UBC Theses and Dissertations

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UBC Theses and Dissertations

Growing up in Canada : youth ethnic identity and Canadian identity Darwich, Lina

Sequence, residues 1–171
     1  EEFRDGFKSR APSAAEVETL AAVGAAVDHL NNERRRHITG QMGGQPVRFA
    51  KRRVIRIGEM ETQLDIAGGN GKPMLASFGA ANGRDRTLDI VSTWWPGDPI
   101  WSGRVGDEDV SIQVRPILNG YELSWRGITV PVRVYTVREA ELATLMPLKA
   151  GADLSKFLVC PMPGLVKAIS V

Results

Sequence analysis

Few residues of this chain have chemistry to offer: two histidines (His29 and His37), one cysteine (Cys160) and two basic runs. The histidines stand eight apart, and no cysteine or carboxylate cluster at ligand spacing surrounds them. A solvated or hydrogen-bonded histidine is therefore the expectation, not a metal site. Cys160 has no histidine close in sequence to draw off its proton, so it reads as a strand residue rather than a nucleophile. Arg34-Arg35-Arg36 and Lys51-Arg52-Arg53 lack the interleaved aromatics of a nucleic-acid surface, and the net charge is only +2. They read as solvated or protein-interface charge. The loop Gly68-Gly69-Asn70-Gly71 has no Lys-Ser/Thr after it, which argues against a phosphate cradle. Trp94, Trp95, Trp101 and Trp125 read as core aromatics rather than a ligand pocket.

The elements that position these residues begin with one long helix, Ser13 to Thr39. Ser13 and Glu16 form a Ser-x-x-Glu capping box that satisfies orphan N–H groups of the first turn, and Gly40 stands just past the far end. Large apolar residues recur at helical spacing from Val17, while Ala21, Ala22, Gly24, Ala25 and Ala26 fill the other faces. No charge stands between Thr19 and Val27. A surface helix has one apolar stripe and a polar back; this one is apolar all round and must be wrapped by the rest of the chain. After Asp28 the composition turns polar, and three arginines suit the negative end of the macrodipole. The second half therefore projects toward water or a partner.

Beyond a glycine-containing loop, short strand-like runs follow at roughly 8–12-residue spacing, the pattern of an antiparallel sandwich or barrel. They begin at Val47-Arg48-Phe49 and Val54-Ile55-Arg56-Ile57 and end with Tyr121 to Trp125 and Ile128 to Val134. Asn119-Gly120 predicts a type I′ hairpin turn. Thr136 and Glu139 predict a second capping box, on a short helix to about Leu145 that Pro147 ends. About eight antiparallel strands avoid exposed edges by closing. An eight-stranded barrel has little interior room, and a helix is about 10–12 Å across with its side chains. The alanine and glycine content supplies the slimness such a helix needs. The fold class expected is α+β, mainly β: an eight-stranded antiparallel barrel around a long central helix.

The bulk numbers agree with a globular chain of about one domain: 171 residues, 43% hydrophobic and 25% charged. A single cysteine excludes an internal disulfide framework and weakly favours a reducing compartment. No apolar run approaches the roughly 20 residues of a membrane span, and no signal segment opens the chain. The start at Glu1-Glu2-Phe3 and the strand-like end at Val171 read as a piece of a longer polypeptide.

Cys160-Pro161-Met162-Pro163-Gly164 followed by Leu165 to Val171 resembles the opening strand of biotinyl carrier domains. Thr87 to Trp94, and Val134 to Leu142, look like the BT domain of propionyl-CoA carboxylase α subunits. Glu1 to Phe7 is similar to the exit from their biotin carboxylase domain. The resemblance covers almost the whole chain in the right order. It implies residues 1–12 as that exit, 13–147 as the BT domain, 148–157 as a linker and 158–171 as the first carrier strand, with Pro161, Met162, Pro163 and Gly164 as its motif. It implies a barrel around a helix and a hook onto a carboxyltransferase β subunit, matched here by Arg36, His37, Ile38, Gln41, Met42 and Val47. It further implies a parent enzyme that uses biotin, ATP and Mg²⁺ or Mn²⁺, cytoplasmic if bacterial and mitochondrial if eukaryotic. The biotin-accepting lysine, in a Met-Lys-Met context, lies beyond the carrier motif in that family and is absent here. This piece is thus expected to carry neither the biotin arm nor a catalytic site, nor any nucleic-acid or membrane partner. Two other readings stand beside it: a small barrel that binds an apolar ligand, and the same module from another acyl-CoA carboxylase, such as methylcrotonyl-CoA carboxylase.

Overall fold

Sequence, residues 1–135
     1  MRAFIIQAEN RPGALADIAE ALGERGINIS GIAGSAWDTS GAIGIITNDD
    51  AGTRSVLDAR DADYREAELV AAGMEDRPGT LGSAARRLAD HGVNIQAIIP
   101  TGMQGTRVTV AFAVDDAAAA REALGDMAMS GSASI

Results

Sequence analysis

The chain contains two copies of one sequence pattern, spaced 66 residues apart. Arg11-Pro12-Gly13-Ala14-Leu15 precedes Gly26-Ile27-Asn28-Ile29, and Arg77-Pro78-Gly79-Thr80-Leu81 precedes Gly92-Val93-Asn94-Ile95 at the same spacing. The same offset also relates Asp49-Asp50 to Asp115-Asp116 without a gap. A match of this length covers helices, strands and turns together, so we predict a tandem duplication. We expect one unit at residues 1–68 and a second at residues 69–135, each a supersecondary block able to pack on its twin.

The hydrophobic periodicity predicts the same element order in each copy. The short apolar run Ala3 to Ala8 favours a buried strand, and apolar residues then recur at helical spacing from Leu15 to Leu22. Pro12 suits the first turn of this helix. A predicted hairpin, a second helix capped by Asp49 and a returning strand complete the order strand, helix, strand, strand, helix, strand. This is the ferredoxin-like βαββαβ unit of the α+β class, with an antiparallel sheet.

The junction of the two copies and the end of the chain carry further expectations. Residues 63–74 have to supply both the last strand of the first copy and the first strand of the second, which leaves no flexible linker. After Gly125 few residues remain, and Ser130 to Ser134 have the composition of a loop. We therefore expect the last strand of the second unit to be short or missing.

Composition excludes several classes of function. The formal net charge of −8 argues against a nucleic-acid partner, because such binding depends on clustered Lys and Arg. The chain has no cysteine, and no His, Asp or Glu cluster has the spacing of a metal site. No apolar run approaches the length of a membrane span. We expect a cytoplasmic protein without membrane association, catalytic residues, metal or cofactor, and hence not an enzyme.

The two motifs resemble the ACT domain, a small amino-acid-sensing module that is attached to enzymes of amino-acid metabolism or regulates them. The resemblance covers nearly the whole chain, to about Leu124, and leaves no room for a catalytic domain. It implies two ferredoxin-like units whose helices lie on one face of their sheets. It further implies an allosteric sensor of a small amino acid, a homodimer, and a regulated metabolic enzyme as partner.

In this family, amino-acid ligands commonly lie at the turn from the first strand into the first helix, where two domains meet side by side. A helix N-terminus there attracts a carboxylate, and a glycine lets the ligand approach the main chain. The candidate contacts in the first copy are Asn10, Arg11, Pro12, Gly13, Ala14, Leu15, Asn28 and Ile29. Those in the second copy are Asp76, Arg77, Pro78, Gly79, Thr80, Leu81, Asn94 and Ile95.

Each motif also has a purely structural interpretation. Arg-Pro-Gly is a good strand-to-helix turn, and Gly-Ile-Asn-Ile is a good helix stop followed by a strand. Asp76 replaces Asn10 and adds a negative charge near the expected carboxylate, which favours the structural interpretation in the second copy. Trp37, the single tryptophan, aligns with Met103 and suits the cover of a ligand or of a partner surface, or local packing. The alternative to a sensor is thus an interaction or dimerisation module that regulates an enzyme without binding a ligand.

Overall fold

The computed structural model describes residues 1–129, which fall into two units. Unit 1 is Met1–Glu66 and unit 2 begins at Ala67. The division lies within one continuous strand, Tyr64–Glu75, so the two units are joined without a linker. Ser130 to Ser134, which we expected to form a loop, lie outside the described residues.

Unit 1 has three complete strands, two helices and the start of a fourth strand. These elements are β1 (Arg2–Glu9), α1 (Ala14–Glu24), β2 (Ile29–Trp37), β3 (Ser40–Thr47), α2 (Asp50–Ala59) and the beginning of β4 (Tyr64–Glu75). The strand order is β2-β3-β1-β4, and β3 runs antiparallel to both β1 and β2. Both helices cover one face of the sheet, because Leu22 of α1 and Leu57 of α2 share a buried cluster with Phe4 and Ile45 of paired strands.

The present study examined early (grades 6-7) and middle adolescents’ (grades 8-9) sense of belonging to school and to Canada. Belonging entails feelings of connectedness to our families, friends, schools, communities, and nations. Several studies have investigated adolescents’ sense of belonging to school but few have examined whether youths’ belonging to school varied as a function of ethnicity, time lived in Canada, ethnic discrimination, and ethnic identity. Moreover, early and middle adolescents’ belonging to Canada has never been studied. Thus, the primary objective of the present study was to examine the role of youths’ 1) time in Canada, 2) ethnicity, 3) their experiences with peer ethnic discrimination at school and 4) ethnic identity in explaining their sense of belonging to school and to Canada, respectively. The secondary objective of this study was to examine two distinct dimensions of ethnic identity – private regard and public regard – within a Canadian context. Early and middle adolescents enrolled in schools in Vancouver lower mainland participated in the present study. The first group included 158 students in grades 6 and 7 and the second group included 340 students in grades 8 and 9. Students in grades 6-7 were interviewed individually. Students in grades 8-9 were asked to complete a paper-and-pencil survey during a single group testing session. Results showed that discrimination was linked to both private and public regard. Additionally, for middle adolescents, the link between discrimination and public regard varied as a function of ethnicity. Years lived in Canada was linked to belonging to Canada, with students who have lived in Canada for six years or less reporting lower levels of belonging than their peers who have lived in Canada all their life. Higher levels of ethnic discrimination were associated with lower levels of school belonging but not lower levels of Canadian belonging. As hypothesized, positive levels of private and public regard were associated with their sense of belonging to school and to Canada. Importantly, years lived in Canada significantly moderated the link between ethnic regard and belonging. The present study demonstrated the complexity of studying ethnic regard and Canadian belonging during adolescence.

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